Gender-based differences found in cardiovascular diseases raise the possibility that estrogen may have direct effects on cardiac tissue. Therefore we investigated whether cardiac myocytes and fibroblasts express functional estrogen receptors. Immunofluorescence demonstrated estrogen receptor protein expression in both female and male rat cardiac myocytes and fibroblasts. Nuclear translocation of the estrogen receptor protein was observed after stimulation of cardiomyocytes with 17beta-estradiol (E2). Cells transfected with an estrogen-responsive reporter plasmid showed that treatment with E2 induced a significant increase in reporter activity. Furthermore, E2 induced a significant increase in expression of the estrogen receptors alpha and beta, progesterone receptor and connexin 43 in cardiac myocytes. Cardiac myocytes and fibroblasts contain functional estrogen receptors and estrogen regulates expression of specific cardiac genes. These data suggest that gender-based differences in cardiac diseases may in part be due to direct effects of estrogen on the heart. [less ▲]

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See detailDivergent sequence motifs correlated with the substrate specificity of (methyl)malonyl-CoA:acyl carrier protein transacylase domains in modular polyketide synthases.
Haydock, S. F.; Aparicio, J. F.; König, Ariane UL et al

in FEBS Letters (1995), 374(2), 246-248

The amino acid sequences of a large number of polyketide synthase domains that catalyse the transacylation of either methylmalonyl-CoA or malonyl-CoA onto acyl carrier protein (ACP) have been compared ... [more ▼]

The amino acid sequences of a large number of polyketide synthase domains that catalyse the transacylation of either methylmalonyl-CoA or malonyl-CoA onto acyl carrier protein (ACP) have been compared. Regions were identified in which the acyltransferase sequences diverged according to whether they were specific for malonyl-CoA or methylmalonyl-CoA. These differences are sufficiently clear to allow unambiguous assignment of newly-sequenced acyltransferase domains in modular polyketide synthases. Comparison with the recently-determined structure of the malonyltransferase from Escherichia coli fatty acid synthase showed that the divergent region thus identified lies near the acyltransferase active site, though not close enough to make direct contact with bound substrate. [less ▲]

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See detailImmediate-early gene induction by repetitive mechanical but not electrical activity in adult rat cardiomyocytes.
Kubisch, C.; Wollnik, B.; Maass, A. et al

in FEBS letters (1993), 335(1), 37-40

Mechanical factors are thought to play an important role in the induction of myocardial hypertrophy. Yet, it is not known whether active contraction induces genes that probably represent initial steps in ... [more ▼]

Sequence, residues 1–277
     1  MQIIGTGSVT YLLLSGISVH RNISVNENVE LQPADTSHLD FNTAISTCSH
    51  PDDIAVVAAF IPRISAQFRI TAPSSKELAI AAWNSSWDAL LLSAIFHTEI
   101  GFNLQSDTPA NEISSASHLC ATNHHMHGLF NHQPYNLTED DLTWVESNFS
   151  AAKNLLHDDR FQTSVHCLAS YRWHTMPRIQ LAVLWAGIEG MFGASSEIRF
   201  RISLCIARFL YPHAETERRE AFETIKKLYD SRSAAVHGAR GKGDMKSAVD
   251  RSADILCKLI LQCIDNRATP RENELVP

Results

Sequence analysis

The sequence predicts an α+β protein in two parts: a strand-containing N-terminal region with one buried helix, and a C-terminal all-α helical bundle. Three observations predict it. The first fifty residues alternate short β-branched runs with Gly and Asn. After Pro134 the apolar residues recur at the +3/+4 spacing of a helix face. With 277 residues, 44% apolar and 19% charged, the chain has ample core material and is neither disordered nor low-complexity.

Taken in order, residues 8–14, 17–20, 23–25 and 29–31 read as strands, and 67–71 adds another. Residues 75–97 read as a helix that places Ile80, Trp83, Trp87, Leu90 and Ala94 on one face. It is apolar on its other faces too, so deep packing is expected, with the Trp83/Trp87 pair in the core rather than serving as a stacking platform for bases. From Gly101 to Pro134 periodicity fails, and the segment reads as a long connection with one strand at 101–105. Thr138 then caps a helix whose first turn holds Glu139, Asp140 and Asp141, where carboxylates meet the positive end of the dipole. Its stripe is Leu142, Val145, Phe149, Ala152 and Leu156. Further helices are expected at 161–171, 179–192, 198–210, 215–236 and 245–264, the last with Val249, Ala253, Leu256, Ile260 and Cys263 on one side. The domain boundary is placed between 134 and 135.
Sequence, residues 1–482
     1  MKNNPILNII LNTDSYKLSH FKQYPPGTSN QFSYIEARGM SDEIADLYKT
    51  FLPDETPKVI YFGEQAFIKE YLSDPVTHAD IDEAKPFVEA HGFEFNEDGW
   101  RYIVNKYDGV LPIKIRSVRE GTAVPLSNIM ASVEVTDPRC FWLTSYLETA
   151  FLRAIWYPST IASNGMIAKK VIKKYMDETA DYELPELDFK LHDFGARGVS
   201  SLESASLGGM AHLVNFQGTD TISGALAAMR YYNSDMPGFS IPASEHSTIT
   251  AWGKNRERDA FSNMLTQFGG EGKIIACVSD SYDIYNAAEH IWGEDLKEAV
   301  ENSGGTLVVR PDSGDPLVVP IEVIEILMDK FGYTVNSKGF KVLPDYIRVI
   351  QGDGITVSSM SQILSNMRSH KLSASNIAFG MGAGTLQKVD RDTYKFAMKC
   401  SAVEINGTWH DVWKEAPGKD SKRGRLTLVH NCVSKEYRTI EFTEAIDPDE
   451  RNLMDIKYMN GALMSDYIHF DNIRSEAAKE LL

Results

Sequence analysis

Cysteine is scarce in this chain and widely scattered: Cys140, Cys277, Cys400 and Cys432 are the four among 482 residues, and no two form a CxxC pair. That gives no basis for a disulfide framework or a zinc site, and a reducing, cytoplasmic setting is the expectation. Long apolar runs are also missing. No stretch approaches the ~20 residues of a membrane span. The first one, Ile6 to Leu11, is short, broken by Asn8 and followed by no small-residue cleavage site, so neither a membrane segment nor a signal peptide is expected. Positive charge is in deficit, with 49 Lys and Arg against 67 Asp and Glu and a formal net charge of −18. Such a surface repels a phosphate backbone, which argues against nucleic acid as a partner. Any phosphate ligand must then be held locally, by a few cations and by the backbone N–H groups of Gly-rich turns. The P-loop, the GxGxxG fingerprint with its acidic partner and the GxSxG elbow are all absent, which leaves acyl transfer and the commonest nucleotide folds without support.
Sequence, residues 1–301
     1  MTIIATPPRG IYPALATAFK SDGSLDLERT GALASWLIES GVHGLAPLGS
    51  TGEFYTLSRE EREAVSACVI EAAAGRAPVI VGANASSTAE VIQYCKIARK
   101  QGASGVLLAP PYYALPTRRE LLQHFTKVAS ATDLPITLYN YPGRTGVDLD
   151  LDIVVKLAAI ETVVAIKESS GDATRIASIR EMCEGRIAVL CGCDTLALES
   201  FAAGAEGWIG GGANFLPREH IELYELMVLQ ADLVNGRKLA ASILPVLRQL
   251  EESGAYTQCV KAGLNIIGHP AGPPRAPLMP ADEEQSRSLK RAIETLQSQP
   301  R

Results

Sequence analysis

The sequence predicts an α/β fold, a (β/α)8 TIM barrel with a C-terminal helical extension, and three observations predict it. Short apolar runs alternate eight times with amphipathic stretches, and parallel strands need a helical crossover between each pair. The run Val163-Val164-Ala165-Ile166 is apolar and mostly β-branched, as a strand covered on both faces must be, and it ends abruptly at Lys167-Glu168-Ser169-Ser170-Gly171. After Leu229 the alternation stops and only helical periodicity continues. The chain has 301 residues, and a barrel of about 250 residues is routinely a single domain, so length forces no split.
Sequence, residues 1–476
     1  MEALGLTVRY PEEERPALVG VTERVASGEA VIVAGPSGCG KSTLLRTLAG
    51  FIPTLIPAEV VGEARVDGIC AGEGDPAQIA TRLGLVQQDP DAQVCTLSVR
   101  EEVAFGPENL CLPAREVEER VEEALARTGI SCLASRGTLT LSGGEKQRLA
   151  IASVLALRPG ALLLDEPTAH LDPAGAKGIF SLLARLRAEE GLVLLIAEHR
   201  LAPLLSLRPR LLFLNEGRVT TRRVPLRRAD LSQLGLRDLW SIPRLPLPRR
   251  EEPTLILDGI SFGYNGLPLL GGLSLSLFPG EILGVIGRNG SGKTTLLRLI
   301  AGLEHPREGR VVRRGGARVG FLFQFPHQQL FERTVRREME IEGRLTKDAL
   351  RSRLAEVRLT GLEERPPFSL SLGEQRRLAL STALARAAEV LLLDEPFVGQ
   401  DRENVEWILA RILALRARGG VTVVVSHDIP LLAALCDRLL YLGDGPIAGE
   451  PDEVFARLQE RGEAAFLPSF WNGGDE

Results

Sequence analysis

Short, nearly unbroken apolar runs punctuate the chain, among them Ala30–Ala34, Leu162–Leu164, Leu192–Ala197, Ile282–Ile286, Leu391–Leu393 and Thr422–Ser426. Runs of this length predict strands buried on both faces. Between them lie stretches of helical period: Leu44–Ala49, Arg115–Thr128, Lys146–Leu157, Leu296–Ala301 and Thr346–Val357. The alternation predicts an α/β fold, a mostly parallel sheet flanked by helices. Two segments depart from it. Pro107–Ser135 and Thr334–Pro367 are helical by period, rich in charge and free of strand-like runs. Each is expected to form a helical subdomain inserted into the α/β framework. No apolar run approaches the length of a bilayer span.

Mechanical factors are thought to play an important role in the induction of myocardial hypertrophy. Yet, it is not known whether active contraction induces genes that probably represent initial steps in the hypertrophic response in the adult myocardium--and if so, whether the mechanical or the electrical component of the twitch governs this response. We therefore investigated whether electrical stimulation of contraction was able to induce the immediate-early genes (IEGs) egr-1 and c-fos in adult rat cardiomyocytes. Cyclical contraction led to an increase in egr-1 and c-fos mRNA levels within 30 min. Full inhibition of contraction during electrostimulation by the Ca(2+)-desensitizer 2,3-butanedione monoxime (BDM) totally blocked this IEG-response without altering membrane potential. These data suggest that in adult myocardium, the mechanical rather than the electrical activity is responsible for the IEG-response during active twitch. [less ▲]

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See detailAngiotensin II induces formation of the early growth response gene-1 protein in rat vascular smooth muscle cells.
Sachinidis, A.; Weisser, P.; Ko, Y. et al

in FEBS letters (1992), 313(2), 109-12

The effect of angiotensin II (Ang II) on the early growth response gene-1 (Egr-1) mRNA, on the Egr-1 protein and on the phosphoinositide PI turnover signalling system was investigated in the presence and ... [more ▼]

The effect of angiotensin II (Ang II) on the early growth response gene-1 (Egr-1) mRNA, on the Egr-1 protein and on the phosphoinositide PI turnover signalling system was investigated in the presence and absence of EXP3174, a potent non-peptide Ang II receptor antagonist. Ang II induced an accumulation of 3.4 kb Egr-1 mRNA and the 80 kDa Egr-1 protein, with a maximum at 30 min and 60 min, respectively. EXP3174 blocked the Ang II-induced increase of inositol phosphates, Egr-1 mRNA and the Egr-1 protein, suggesting the involvement of the PI signalling system by the expression of the Egr-1 gene. [less ▲]